We decided to push ahead along the rocky coast. After some "high impact bushwalking" we finally reached the Swashway and crossed (it was low tide) to Dover Island but soon the sea started to come back, flooding the pass, and we returned through inland to the West Cove. The rusty shipwreck of a fishing boat dating from 1945 which lay exposed on the beach on our way there was now almost completely under water.

Before we embarked on our journey back to the ship I looked around the shack which was built on the beach by the people who used to lease the island for grazing. It was equipped with emergency supplies of food and water also there were beds to rest on and stove for cooking. Nice thought but luckily we were not in such dire need, yet. However I took the opportunity and had a wash under the tap from rainwater tank. It was desperation. Because there were so many people aboard and only limited volume of water we were only allowed to take a one-minute shower and that only every three days. I still do not know how we managed not to smell.

The next morning the wind started to pick up from the wrong direction so Brian the skipper decided to change the anchorage again. We moved to Garden Cove back at Deal Island and I had another opportunity to visit the lighthouse.

This time I was hoping to get the key and check the inside. Garden Cove is about 2km from the houses and right on the opposite side of the island from the lighthouse. We had a decent walk along the bumpy, wallaby ridden airstrip to the headquarters but we did not find anyone home.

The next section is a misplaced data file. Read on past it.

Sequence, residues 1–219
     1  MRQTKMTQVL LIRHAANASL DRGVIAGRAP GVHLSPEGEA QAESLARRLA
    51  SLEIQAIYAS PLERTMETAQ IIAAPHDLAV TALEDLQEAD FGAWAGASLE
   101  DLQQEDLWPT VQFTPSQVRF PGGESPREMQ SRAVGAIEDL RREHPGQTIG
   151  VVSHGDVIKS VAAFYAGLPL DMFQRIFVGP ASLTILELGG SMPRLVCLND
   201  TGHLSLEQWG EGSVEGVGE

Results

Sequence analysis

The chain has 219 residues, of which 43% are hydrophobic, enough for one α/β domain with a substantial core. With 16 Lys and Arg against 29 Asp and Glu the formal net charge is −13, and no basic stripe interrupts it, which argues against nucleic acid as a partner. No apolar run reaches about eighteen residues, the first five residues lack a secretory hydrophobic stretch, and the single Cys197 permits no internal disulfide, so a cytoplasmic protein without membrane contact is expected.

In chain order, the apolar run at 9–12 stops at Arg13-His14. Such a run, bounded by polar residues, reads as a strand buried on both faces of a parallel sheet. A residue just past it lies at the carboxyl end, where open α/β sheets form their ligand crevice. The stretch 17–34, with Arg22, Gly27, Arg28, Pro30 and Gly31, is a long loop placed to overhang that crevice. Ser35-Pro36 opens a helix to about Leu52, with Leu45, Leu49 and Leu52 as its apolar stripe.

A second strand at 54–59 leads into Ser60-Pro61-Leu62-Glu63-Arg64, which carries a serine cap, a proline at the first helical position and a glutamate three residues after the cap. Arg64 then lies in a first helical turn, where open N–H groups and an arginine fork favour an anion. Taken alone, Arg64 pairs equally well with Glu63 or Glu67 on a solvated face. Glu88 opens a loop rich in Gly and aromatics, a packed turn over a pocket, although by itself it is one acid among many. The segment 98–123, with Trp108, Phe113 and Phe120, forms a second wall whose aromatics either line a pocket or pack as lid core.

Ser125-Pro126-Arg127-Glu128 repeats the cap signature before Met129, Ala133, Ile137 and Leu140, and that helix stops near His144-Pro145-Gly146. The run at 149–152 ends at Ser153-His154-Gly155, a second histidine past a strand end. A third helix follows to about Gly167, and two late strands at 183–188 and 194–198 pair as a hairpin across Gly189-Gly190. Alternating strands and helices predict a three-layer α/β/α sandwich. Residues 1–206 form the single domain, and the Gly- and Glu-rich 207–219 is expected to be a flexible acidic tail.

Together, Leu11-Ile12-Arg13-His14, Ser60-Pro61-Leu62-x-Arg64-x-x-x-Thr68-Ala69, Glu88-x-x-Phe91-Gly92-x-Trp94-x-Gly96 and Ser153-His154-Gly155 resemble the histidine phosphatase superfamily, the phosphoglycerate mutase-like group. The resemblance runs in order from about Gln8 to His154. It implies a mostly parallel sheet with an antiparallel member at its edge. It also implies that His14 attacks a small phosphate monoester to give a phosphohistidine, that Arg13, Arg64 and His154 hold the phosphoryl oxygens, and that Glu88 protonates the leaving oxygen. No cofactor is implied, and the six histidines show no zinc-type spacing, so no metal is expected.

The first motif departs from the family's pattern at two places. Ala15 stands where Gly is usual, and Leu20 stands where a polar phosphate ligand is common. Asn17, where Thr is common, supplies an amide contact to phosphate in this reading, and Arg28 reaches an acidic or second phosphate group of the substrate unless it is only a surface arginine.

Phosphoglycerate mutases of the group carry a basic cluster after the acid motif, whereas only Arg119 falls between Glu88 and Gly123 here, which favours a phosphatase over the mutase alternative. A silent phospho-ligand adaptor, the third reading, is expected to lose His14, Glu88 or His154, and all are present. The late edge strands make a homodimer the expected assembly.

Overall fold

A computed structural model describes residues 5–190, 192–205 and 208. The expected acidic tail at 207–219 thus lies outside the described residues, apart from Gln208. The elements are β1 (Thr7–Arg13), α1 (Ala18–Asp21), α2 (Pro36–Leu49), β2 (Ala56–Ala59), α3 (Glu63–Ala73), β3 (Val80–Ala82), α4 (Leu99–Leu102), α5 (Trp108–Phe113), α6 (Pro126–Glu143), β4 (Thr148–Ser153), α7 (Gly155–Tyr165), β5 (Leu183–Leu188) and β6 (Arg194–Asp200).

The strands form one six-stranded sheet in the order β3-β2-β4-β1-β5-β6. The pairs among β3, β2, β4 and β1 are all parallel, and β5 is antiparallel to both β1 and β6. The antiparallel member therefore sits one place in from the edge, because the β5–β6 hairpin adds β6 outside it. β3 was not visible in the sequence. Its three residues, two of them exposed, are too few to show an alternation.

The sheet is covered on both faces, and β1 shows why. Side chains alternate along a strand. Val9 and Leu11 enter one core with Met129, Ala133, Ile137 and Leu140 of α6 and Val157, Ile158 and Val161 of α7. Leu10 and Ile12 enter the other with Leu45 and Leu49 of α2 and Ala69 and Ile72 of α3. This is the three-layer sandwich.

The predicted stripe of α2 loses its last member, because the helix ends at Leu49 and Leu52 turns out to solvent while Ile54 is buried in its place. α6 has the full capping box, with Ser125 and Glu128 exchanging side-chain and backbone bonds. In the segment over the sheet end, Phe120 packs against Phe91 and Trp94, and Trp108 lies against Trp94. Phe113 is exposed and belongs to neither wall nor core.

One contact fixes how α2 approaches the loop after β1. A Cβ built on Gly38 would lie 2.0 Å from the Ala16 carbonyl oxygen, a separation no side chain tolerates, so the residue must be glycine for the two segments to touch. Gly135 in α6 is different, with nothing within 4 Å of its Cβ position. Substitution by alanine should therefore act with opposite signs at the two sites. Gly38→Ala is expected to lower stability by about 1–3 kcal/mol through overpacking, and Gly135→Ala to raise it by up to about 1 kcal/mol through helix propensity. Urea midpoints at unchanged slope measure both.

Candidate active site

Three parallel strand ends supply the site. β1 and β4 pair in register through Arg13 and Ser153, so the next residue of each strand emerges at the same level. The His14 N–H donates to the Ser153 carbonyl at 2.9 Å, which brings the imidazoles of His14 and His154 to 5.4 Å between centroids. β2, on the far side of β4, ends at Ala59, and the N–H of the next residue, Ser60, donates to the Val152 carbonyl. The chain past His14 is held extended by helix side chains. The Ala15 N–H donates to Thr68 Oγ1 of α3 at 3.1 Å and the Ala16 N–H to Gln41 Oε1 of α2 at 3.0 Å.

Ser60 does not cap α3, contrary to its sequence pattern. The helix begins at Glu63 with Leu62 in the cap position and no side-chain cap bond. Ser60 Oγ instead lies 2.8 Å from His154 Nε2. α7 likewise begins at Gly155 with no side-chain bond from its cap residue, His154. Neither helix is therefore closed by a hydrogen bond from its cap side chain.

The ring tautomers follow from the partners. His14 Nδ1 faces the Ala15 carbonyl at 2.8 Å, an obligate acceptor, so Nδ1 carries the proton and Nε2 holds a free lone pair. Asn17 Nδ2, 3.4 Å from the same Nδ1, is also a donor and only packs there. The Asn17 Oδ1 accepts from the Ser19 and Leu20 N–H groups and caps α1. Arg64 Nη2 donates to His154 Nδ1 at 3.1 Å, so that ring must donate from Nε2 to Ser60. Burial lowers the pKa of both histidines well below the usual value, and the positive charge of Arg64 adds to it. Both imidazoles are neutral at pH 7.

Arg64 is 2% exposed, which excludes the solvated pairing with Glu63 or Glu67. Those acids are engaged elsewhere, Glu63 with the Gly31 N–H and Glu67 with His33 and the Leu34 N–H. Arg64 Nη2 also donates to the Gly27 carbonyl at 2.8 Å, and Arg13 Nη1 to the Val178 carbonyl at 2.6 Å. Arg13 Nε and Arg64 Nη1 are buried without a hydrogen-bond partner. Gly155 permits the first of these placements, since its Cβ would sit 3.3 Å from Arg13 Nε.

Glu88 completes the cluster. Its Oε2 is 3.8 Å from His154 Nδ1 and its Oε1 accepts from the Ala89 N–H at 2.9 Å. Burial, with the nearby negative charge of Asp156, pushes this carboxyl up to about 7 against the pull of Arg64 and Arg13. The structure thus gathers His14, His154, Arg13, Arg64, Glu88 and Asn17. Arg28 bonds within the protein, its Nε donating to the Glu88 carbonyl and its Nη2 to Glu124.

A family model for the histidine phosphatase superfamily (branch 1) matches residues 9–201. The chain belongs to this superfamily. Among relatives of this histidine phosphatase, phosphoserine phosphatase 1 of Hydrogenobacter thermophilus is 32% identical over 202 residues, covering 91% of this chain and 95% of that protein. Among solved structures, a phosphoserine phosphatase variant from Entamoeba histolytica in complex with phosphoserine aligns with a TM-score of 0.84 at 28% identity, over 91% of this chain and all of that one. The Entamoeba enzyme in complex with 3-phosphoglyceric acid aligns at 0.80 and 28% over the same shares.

After waiting for a while feeding the hungry wallabies with our own lunches, I together with a few other people, decided to go to the lighthouse again in the hope that we'd find the missing caretakers. Everyone was sorry for me when we did not find them there and I started to lose hope that I would ever peek inside this elusive lighthouse.

The following night was restless. The roar of the engine awakened us in the middle of the night when the strong wind and waves caused the ship to drag the anchor and we got perilously close to the rocks. Luckily the members of the crew took turns watching all night to prevent just such a disaster.

The next morning came my last chance to take a look inside the lighthouse. We were the first group to land at Garden Cove beach that day and were in a hurry to reach the houses before the caretakers disappeared again.